This is the world premiere of this production, and apparently there are many other misadventures involving Sgt Pratt. Good luck to him, and his creator Peter Gordon. With this company they need it.

Ding Dong Murder Me on High! is at the Theatre Royal Windsor until Feb 25.

Box Office: 01753 853888.

www.theatreroyalwindsor.co.uk

It then continues touring:

Mar 13-15: Grand Theatre Swansea

 

Mar 17-18: Garrick Theatre, Lichfield

Feb 15th

Henceforward... at the Theatre Royal Windsor

By Clare Brotherwood

Alan Ackybourn really is astonishing. His characters have often been ordinary, even boring, people whose lives usually go no further than their suburban gardens. And yet, through his powers of observation and his unrivalled talent he makes them into roles which have had audiences transfixed for over 50 years and have professionals and am dram societies alike clamouring to perform his plays all over the world.

But Henceforward… is a world away from suburbia. And its characters are, well, not of this world. No breathing Ayckbourn’s magic into the lives of dull little families here. Instead, the actors are challenged with bringing to life and living with a robot, and a dysfunctional one at that.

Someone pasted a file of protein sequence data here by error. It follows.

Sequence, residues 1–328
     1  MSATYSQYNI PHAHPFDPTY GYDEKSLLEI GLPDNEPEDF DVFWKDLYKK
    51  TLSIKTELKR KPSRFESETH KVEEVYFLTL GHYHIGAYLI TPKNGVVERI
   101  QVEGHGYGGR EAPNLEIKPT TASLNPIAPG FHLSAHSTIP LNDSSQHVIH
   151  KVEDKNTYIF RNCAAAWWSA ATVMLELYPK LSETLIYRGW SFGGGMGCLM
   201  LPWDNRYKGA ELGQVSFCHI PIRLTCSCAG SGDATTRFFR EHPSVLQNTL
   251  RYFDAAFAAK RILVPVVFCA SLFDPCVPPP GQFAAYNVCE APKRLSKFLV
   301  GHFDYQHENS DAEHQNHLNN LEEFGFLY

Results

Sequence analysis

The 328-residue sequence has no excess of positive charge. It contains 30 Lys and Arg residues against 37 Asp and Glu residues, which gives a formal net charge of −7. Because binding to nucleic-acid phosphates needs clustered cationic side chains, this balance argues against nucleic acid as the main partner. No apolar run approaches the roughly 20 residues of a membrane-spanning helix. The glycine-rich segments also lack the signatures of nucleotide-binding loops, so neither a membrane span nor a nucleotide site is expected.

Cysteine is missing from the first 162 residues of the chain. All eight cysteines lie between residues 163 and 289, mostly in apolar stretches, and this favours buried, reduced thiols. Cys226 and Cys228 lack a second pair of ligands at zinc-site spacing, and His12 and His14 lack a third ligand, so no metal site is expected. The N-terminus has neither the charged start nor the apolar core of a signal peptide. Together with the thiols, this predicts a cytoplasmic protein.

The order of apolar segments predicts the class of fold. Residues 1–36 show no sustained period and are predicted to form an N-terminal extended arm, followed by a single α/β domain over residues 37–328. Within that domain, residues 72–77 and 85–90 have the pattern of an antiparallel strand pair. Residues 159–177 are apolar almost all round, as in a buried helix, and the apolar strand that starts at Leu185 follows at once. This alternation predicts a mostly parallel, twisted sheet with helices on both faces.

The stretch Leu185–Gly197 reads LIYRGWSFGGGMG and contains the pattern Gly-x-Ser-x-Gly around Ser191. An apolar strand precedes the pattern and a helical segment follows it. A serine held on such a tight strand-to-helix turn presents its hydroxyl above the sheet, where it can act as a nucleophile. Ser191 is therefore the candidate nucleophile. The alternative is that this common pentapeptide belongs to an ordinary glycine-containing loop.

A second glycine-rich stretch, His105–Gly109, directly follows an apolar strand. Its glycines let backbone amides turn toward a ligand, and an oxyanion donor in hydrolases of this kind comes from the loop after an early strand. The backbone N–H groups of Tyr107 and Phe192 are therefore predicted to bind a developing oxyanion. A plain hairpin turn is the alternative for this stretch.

The play premiered in 1987 and was the first time Ayckbourn used a robot in the storyline. Eleven years later, in Comic Potential, his second robotic character won Janie Dee three awards only ever bestowed on one other actor before or since… Judi Dench.

There are certainly award-winning performances in this production but, first, to the set the scene. Henceforward… takes place in the not too distant future when society has broken down and thugs called The Daughters of Darkness police the area where composer Jerome Watkins lives in a dingy tower block with steel shutters on the windows. It’s totally unnerving. Though written 30 years ago Ackybourn’s vision was extraordinary and nowadays is way too close for comfort. The grey, concrete walls and drab surrounds of Roger Glossop’s set is unsettling.